ANI Photo | Many local media outlets faced financial hardships in Afghanistan in 2022: Report

In 2022, many local media outlets in Afghanistan faced financial hardships. At least 10 media outlets were closed in Kabul and the provinces, according to watchdog organizations, reported TOLO News.
The TOLO News report said: “Two TV networks, seven radio stations and one news outlet are the media outlets that stopped their operations in 2022. Many journalists lost their jobs after the closure of the media outlets.”
Farhad Behroz, deputy head of the Afghanistan Independent Journalists Association (AIJA) said: “During 2022, we witnessed a decline in media and sadly, many of our colleagues lost their jobs.”
Radio Azadi or Radio Free Europe and Voice of America on December 1 reported that the Islamic Emirate had halted their broadcasts in Afghanistan.
According to the Taliban, the broadcasts have been halted due to the cancellation of their contracts with the Radio/Television of Afghanistan (RTA).
Bilal Karimi, deputy spokesman for the Islamic Emirate said: “This issue belongs to the Ministry of Information and Culture. Both sides have contracts which have been canceled and this stopped their broadcast.”
Another broadcaster Nargis Radio stopped broadcasting as a result of financial difficulties. Various citizens lost their jobs.

Shafiqullah Rahmani, former manager of Radio Nargis in Nangarhar had said: “Radio Nargis has stopped its operations due to economic issues.”
A report by watchdog organizations shows that 86 incidences of harassment of journalists were reported in 2022, reported TOLO News.
According to journalists, they did not have access to crucial information in 2022.
Masiullah Ahmadi, a reporter, as quoted by TOLO News said: “The media could not have access to information from sources they were meant to receive it from. This itself caused the shutdown of media outlets.”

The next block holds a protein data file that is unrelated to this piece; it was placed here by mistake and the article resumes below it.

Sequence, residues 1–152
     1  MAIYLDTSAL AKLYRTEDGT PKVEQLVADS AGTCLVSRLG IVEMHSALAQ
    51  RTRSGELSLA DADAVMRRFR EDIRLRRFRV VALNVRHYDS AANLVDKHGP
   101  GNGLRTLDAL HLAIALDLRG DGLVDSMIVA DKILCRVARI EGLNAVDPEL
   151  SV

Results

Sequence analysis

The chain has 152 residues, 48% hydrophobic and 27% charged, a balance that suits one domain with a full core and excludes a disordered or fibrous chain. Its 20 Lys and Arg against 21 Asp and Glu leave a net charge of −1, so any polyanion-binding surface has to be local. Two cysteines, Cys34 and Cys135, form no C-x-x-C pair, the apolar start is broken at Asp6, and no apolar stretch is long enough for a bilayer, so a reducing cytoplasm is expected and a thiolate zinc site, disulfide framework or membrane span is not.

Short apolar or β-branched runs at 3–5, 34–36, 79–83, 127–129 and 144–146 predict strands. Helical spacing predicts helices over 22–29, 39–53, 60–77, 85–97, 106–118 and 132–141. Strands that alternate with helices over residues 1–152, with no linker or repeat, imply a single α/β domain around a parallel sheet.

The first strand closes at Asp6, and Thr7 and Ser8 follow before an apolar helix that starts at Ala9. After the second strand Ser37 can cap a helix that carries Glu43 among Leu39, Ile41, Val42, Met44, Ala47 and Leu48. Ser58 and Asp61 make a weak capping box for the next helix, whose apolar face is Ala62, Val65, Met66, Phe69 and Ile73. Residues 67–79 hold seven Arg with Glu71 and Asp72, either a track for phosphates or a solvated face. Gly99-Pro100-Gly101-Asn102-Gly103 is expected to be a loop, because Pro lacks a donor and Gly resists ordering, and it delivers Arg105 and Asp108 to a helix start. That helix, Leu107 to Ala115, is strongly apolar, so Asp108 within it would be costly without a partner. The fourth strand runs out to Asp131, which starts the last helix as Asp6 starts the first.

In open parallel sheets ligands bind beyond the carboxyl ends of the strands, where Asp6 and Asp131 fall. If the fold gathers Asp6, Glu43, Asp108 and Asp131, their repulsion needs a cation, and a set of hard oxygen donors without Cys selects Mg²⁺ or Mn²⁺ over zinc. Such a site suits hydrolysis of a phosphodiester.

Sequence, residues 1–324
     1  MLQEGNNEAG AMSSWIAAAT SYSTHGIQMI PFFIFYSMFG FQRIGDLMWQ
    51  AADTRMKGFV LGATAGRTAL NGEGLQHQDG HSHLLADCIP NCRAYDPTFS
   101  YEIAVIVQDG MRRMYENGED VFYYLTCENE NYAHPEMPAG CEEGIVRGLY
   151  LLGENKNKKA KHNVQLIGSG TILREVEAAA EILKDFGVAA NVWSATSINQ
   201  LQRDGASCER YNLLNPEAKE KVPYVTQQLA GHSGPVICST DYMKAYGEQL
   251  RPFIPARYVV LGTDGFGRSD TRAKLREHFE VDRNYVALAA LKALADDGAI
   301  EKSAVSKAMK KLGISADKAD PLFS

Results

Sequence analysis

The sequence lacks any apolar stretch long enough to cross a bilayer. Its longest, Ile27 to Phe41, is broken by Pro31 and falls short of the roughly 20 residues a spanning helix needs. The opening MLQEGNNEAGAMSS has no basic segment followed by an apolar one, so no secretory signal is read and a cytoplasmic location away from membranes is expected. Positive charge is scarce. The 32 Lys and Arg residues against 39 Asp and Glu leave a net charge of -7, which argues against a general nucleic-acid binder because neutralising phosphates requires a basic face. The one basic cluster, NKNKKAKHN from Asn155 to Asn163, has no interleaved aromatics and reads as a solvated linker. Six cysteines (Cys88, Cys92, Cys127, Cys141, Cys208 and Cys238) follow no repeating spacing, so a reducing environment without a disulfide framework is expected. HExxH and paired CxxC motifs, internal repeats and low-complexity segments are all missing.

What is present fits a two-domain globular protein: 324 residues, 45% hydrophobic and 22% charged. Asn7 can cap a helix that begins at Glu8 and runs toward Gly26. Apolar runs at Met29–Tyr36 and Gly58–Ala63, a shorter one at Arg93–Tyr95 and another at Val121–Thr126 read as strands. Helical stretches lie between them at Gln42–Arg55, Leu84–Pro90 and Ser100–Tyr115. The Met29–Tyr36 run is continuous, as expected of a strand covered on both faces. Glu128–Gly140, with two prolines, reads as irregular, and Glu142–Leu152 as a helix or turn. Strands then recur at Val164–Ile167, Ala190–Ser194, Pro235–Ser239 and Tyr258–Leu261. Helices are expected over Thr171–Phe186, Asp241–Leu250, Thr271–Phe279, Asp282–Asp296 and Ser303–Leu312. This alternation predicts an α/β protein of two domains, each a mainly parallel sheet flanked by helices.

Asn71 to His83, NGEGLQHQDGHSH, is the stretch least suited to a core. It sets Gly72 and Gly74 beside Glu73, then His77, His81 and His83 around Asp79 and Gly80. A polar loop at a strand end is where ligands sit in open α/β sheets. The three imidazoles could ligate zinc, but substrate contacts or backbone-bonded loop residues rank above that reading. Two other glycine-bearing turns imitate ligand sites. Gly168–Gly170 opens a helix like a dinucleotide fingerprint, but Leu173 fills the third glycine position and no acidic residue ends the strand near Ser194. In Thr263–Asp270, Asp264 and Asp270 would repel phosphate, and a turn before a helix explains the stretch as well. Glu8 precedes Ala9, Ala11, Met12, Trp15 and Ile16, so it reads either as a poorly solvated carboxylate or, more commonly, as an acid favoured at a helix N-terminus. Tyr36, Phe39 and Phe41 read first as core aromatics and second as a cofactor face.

Afghanistan’s Ministry of Information and Culture under the caretaker Taliban regime, formed the Media Violations Commission to address the problems faced by the media.
It was expected that some of the commission’s members would be women. The plan was later cancelled.
“On November 30, the Taliban’s ministry of information and culture said the law on access to information, relevant to media groups, was shared with the supreme leader of the Islamic Emirate, Mawlawi Hibatullah Akhundzada,” reported TOLO News.
Muhajir Farahi, Deputy Minister of Information and Culture under the Taliban said: “The decision is that all problems faced by media outlets should be solved by one address, especially the Ministry of Information and Culture.”
At present, 83 TV networks, 213 radio stations, 28 news agencies and 20 print media are active in Afghanistan. About 225 media outlets in Afghanistan have stopped operating due to economic issues and restrictions imposed by the government. (ANI)

This report is filed by ANI news service. TheNewsMill holds no responsibility for this content.

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